By Mustafa J. Salem and Hans-Joachim Pachur
When we look at the landscape of the Fezzan region using satellite images or Google Earth, the most striking and dominant type of terrain is the dunes. The area has the most interesting and remarkable dune fields in Libya and probably in North Africa. The two main Sand seas are Idhan Murzuk (Murzuk Sand Sea) and Idhan Obari (Obari Sand Sea).
These two vast sand seas are located in two huge depressions that are surrounded on all sides, except the east, by mountainous terrain of various rock types. From the east there are prominent depressionswhich cannot be missed representing old rivers running toward the east-northeast, toward the Al Haruj Volcanic Field. These old rivers are what are now called Wadi ash Shati, Wadi al Ajaland WadiBarjuj (Figure 3).
The two sand seas cover an area exceeding 125 000 km2. They are separated by the crescent-shaped MessakPlateau which is formed of resistive Mesozoic sandstone beds, which dip away from IdhanAwbari towards Idhan Murzuk (Figure 3). The dunes are mostly longitudinal and barachanoid with tranverse dunes and common star dunes some of which are almost 200 metres high.
Such dune structures form a very complicated landscape which is exceedingly difficult to cross. Corridors between the longitudinal dunes can extend for tens of kilometres unless they are cut by transverse dunes running at right angles to the longitudinal dunes. Between the dunes in these corridors lie hundreds of dry palaeolakes each of which extends for a few kilometers in all directions (Figures 1,2, 4, 5 and 10).
Dunes have existed at Idhan Murzuk and Idhan Owbari since at least the Pleistocene epoch. Acheulian and Aterian artefacts exist within the corridors of these dunes around the edges of the old lakes. These lakes were interspersed at a distance of approximately six kilometers, with a dimension of up to 3 x 12 kilometres and a water depth of upto 20 metres. It is thought that the water quality ranged from fresh to brackish.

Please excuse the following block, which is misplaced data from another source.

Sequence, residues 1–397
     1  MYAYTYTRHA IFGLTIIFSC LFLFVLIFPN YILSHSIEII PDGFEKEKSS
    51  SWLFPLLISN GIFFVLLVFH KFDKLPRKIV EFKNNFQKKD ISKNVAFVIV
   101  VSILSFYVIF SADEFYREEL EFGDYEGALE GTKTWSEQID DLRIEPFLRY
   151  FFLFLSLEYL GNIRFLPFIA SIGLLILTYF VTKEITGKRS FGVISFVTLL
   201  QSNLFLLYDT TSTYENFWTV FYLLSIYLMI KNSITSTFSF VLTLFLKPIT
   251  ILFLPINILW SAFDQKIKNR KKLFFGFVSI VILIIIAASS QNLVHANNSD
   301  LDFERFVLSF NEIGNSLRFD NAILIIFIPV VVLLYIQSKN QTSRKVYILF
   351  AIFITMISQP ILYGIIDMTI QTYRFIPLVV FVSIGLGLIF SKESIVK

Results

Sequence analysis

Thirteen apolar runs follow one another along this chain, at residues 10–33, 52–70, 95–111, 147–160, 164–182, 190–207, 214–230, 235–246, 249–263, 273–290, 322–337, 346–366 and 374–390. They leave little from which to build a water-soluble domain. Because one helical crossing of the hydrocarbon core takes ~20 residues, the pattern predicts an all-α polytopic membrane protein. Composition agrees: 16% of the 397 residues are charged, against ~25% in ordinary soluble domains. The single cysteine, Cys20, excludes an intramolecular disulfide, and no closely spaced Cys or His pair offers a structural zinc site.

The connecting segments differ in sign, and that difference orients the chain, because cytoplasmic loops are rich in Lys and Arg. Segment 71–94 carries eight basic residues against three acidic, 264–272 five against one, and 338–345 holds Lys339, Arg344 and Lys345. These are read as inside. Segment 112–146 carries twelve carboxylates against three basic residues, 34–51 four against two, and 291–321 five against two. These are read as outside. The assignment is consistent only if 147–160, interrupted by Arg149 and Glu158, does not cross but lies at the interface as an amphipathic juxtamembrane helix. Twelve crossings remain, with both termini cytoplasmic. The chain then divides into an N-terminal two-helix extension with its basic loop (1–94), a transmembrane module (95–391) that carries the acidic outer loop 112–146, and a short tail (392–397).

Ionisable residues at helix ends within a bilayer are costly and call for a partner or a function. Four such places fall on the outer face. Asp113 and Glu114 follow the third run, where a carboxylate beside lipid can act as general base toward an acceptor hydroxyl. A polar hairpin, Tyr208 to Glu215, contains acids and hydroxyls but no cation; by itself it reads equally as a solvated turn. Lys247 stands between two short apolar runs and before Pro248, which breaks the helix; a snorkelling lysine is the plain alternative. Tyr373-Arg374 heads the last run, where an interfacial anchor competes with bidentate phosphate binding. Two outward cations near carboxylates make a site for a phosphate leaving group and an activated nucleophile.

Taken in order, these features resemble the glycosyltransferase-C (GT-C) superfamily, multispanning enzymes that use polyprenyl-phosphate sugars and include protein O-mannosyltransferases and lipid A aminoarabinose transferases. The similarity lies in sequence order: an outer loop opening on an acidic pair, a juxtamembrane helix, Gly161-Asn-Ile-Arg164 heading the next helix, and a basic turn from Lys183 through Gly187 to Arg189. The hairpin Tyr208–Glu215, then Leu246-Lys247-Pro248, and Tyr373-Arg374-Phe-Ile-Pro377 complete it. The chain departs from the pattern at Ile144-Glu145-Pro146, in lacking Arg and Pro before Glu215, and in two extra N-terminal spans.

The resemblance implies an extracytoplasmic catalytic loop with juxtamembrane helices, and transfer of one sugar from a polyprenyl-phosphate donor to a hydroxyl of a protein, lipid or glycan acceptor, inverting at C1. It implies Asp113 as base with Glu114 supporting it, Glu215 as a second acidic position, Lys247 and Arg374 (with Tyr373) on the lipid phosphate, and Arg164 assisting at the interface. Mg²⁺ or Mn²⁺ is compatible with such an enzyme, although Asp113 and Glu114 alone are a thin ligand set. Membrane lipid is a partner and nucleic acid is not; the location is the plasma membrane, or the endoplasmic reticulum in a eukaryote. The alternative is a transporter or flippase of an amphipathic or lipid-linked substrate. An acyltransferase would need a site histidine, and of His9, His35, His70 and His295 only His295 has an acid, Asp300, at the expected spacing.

Dating of organic material, pottery and bones of vertebrates from these lakes indicate that the humid phase in the Idhan Murzuk area lasted from more than 8,100 years ago to about 5,300 years ago (H.-J.Pachur, 2012).
Based on the types of mammals in the area at the time, it can be postulated that during that time the dunes had a grassland and open woodland vegetation. This is associated with fresh-brackish water lakes and salty earth, with swamps and flooded grassland suitable for hippopotamus, buffalo, waterbuck, korrigum and domestic cattle (Figure 6).
Bones of some species embedded in dated lake sediments have been reported (H.-J. Pachur, 2012). Similar fauna were painted and engraved in the nearby mountainous areas of Messak and Akakus (Figure 3). The frequent occurrence of tethering stones used during hunting indicates that the area was well suited to cattle rearing and hunting. It is believed that the Idhan Murzuk area had a much higher rainfall at that time, possibly as high as 400 millimetres per annum (H.-J.Pachur,2012).
Idhan Murzuk and Idhan Obari as tourist attractions